Modern blues with James Jones Trio

308

One of the hardest things to do for musicians is to get discovered. Before that moment, the life of a musician is filled with cramped places, low budgets, and cross-country tours by van, shows every night just to pay the bills and eat each day. James Jones Trio of Danville, Illinois may have experienced this in the past, but they deserve much more. 

Two weeks ago, the first annual Phases of the Moon Music and Arts Festival took place in Danville, Illinois. String Cheese Incident, Widespread Panic, and Tedeschi Trucks Band all fit the bill along with Moon Hooch, Poor Man’s Whiskey, Danville’s own James Jones Trio, and various others. 

After their first major festival appearance and the release of their debut album “Tuned In,” the future looks bright for the trio. James Jones leads the band on electric guitar and vocals with Mitchell Killough on bass and Aaron Bouslog on drums. Each member has mastered his instrument for blues rock of the modern era. Killough mimics funk and blues influences on bass while Jones is wailing blues guitar, providing an excellent juxtaposition that is met with funky rock drums from Bouslog. Each song on the debut presents the creativity and ability these three have.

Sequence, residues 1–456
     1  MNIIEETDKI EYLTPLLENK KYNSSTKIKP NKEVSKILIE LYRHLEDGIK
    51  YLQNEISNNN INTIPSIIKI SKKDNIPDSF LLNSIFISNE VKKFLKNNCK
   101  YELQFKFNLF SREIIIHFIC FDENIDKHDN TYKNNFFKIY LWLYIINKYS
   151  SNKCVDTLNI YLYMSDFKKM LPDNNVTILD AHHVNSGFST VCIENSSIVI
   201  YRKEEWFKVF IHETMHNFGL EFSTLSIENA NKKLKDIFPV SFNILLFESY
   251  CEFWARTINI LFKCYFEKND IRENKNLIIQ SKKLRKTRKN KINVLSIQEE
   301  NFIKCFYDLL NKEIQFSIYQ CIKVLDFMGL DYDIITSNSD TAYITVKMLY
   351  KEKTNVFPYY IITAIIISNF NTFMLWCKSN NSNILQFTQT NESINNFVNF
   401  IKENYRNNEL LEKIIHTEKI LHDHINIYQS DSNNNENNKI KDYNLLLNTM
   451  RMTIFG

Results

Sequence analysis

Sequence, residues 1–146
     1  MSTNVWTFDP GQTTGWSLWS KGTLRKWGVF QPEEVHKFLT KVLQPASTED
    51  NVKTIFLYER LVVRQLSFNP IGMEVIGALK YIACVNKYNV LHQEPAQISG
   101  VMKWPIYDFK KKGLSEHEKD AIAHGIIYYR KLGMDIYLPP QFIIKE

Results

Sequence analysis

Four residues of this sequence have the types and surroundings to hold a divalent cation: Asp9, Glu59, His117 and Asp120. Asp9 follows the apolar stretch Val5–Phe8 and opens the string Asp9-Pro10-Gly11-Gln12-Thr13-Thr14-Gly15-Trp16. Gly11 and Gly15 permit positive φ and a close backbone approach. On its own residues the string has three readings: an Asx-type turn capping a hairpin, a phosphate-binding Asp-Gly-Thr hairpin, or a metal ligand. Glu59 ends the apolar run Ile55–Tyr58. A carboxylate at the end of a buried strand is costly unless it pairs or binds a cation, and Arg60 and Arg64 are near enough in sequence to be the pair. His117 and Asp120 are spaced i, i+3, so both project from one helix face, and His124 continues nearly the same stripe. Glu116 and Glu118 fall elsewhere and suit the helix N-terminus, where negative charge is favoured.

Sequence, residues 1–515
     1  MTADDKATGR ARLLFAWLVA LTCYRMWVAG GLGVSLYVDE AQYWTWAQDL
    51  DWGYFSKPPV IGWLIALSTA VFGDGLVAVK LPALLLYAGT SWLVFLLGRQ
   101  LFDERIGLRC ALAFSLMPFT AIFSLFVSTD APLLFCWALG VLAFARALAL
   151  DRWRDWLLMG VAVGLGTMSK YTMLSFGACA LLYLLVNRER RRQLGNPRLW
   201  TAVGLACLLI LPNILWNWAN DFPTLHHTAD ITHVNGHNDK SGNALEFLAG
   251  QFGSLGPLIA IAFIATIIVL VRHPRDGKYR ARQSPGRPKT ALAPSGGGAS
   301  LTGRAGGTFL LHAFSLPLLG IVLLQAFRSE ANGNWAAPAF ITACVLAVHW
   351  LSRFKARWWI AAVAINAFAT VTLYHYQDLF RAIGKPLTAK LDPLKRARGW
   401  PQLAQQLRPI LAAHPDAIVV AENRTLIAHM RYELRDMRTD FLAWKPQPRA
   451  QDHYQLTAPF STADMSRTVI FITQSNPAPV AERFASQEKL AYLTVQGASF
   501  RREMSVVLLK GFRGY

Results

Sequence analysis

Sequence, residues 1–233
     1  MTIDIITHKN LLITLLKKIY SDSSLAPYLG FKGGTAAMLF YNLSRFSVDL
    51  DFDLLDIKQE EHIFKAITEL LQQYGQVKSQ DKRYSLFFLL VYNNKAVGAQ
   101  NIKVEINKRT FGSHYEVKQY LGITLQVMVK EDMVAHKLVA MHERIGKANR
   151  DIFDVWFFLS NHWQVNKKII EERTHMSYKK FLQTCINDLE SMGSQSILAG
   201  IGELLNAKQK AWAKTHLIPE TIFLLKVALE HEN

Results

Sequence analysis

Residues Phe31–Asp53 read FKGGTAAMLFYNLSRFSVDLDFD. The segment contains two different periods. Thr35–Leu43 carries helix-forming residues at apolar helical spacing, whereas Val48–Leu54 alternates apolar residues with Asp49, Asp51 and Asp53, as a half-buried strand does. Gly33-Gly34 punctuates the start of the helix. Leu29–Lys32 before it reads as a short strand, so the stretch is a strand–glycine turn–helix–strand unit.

The album begins with an acoustic blues tune titled ‘Born A Rebel.’ Guitar is accompanied with minimal percussion throughout the song and is met by Jones’ voice that sounds almost too perfect for the genre. Immediately after ‘Rebel,’ the trio goes right into the hard stuff, the real hard blues. The single, ‘Standing On My Own,’ begins the breakdown where each track rocks out more than the last. Guitar solos, funky bass, syncopated drums, and a soothing voice make up many of the songs, but each one is an original gem.

At the album’s end, you’ll find the best tracks on the album. Instrumentally, they surpass the first half of the album on shear energy. Starting with ‘Mitchell’s Groove,’ the album takes a turn and the song begins with a long instrumental. The song’s overall feel is smooth and, as stated in the title, groovy. The ‘Groove’ continues jamming right into ‘No Good,’ where Jones proclaims his love for a woman who left him brokenhearted. The jam slows down at the beginning of ‘Picks and Strings,’ but is pumped right back up with smooth instrumentals before heading into blues dance number ‘The Next Town.’

Of all the albums that come into WGRE, James Jones Trio is truly unique. No band is playing blues nowadays like the Danville trio. Performing at Phases, releasing their debut, and spending a summer touring, James Jones Trio put in the ground work for a successful year. I can’t wait to see where they go. For now, keep an eye out for them on WGRE.